Phnom Penh Underground recently reviewed ‘Triptych’ by WASH, here’s what they said….
”It always begins with silence, a blank page. Then follows a spark. Four minds combined, and the silence was slowly filled. Two further minds expanded the space into colour. What were they building, and how? They didn’t know. And yet by doing they made.”
Triptych is the new album by WASH – a collaboration between Warren Daly (Invisible Agent), Alex Leonard (Ebauche) and Hal Fx (Audio Mainline), guided by the spoken word poetry of Scott Bywater.
Its now available for download from Bandcamp in 3 formats – a free lower quality mp3, high quality FLAC / mp3 (name your price) or high quality download with a limited edition booklet featuring paintings & lyrics ($10)
Billing itself as “a hybrid soundscape of rhythm, synthesis, live instrumentation and location recordings“, its fairly unique in being recorded and produced in Phnom Penh and hopefully heralds the beginning of a true, underground electronic movement in the city and the whole of Cambodia.
Triptych consists of 3 parts, arranged thematically.
Part one “captures the slow-moving heat of Phnom Penh“.
Gently jangling guitars a la Vini Reilly are juxtaposed with ambient noise (fans? clinking glasses? the whirl of cyclo wheels?) to conjure up an aural soundscape of Phnom Penh.
On top of this, Scott Bywater’s gentle, wry yet passionate words float over the top in a way that reminded me of Harold Budd’s By the Dawn’s Early Light or even, perversely, of Jim Morrison on his posthumous An American Prayer
Underneath the evocations of the Phnom Penh twilight world of watching the river turn incandescent from a balcony, modulating synths and textures reach an understated epiphany.
Part two “propulsively celebrates the art of travel“.
I found part 2 more intense with treated guitars shimmering and snaking thru the sequenced rhythms to reach a crescendo of percussive synchronicity. I was reminded of Pete Namlook‘s Travelling without Moving – however Triptych has a unique style and atmosphere of it’s own.
Scott Bywater‘s words never overpower the music but are beautifully mixed and balanced like a half heard conversation from the balcony on the floor below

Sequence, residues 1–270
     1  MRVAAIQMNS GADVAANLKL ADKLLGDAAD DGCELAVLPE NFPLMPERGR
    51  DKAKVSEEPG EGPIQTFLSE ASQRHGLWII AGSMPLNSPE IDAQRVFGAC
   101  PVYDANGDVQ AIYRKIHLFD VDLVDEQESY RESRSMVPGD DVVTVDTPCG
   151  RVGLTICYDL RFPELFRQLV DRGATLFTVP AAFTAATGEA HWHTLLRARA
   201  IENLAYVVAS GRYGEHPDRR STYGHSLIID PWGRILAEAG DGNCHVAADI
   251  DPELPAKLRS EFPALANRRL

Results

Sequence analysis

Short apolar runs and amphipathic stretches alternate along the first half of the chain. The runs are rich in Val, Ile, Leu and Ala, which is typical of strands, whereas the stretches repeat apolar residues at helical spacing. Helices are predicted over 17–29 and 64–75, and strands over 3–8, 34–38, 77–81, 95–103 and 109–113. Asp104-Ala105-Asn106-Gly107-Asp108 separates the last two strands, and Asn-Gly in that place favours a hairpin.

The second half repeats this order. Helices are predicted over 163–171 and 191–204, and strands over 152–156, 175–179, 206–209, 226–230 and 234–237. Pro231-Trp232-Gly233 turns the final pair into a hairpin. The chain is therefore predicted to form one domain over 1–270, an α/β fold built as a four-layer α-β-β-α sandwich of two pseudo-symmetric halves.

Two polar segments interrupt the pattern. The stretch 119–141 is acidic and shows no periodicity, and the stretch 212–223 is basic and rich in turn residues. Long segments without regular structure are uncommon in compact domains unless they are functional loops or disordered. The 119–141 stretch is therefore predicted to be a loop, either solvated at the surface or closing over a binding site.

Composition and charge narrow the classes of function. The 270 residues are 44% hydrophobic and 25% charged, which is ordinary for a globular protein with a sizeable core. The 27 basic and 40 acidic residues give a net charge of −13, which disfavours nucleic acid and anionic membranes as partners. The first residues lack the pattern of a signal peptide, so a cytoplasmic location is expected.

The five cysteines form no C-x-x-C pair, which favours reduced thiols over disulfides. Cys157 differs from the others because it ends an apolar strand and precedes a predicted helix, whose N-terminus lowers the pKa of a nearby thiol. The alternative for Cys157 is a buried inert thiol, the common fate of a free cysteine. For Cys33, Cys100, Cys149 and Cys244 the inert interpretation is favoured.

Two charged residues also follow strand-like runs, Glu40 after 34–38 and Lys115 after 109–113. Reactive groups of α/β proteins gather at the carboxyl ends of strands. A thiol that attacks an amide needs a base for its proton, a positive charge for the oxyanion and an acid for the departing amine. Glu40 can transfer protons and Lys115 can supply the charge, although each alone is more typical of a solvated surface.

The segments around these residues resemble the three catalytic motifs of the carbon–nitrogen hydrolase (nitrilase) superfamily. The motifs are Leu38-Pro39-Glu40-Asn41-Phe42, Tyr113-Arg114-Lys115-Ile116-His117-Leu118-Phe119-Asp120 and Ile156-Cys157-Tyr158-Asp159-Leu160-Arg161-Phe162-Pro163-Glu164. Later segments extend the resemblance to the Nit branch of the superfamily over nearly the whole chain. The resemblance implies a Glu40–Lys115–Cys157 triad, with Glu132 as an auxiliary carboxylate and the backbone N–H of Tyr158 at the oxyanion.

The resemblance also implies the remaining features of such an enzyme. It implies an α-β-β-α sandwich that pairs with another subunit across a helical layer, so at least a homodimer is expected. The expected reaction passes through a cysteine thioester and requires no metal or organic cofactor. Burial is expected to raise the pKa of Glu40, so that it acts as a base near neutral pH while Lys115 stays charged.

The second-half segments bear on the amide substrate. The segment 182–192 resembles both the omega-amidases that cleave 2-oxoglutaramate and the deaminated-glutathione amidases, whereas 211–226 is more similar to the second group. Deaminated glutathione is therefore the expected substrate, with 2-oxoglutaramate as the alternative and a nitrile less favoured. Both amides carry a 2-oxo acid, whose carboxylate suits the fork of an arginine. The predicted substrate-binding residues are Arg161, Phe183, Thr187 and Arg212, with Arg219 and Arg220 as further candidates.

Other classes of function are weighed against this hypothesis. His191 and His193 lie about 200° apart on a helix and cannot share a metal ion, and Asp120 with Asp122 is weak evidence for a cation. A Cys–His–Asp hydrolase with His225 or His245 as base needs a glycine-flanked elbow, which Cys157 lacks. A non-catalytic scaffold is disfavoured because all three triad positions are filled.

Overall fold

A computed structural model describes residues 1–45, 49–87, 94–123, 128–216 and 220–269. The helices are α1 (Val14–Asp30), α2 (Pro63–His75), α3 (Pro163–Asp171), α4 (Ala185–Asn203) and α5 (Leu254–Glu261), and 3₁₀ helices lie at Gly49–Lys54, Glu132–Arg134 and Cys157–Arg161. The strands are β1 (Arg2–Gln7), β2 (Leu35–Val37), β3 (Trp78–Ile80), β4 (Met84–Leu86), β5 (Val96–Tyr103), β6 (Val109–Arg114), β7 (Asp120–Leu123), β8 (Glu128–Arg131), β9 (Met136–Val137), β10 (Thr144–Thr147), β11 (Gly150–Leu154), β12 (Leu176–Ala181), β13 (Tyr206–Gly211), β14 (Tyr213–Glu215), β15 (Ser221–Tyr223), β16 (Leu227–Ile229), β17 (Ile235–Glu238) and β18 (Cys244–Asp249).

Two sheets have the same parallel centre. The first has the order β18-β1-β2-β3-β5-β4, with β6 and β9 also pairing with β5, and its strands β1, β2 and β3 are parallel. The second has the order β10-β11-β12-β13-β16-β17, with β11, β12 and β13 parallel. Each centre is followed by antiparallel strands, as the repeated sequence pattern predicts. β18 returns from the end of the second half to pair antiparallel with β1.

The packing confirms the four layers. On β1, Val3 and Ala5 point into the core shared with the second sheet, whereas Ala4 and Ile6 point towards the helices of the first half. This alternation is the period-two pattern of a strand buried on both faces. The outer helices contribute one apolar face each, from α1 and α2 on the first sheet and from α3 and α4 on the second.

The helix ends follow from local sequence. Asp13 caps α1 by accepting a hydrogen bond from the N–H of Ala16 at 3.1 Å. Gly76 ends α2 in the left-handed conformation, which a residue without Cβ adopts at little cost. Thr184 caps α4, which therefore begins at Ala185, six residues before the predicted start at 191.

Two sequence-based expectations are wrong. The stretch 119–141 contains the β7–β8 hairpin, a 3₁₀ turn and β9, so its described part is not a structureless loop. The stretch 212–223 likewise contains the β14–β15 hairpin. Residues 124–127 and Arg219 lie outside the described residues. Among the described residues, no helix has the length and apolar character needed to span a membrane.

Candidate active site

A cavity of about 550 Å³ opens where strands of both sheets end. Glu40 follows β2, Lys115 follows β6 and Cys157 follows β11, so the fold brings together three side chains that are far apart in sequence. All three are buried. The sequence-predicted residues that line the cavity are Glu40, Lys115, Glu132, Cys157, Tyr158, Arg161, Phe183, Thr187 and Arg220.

night still / air heavy with heat / domestic muttering / television sounds drift through gaps / floating on pockets of distant passing laughter and chirps from / children resisting sleep / the splutter of a moto fades into the night fabric / someone’s telephone rings / and tap tap tapping comes the soup
Part three “drifts through an examination of the art of living“.
In part 3, the sofltly chiming guitars combines beautifully again with the lyrical poetry to evoke the spirit of works like Ry Cooder‘s soundtrack for Wim Wenders‘ Paris, Texas. Again, a gentle melancholy infuses the mood – combined with a sense of purpose and direction that is crystallised in the final words:
getting sea legs, getting shipshape, and steering for the horizon / with faith in the wind and the water / traveling lighter every day
In keeping with label Invisible Agent’s ethos of mixing art and music, a beautifully presented booklet (limited edition of 150) has been issued to accompany the album.
Here you’ll find text of the spoken word pieces alongside paintings by Khmer artist Chhan Dina alongside Adrianna Snochowska that were created as as a direct effect of listening to early rehearsals of the piece
In conclusion, Triptych offers a perfect evocation of Phnom Penh and our sometimes transitory existence within the “Charming City”. I hope to see more projects like this in the coming months as the creative scene in Cambodia grows and coalesces…
Originally posted on http://phnom-penh-underground.com/wash-triptych-review/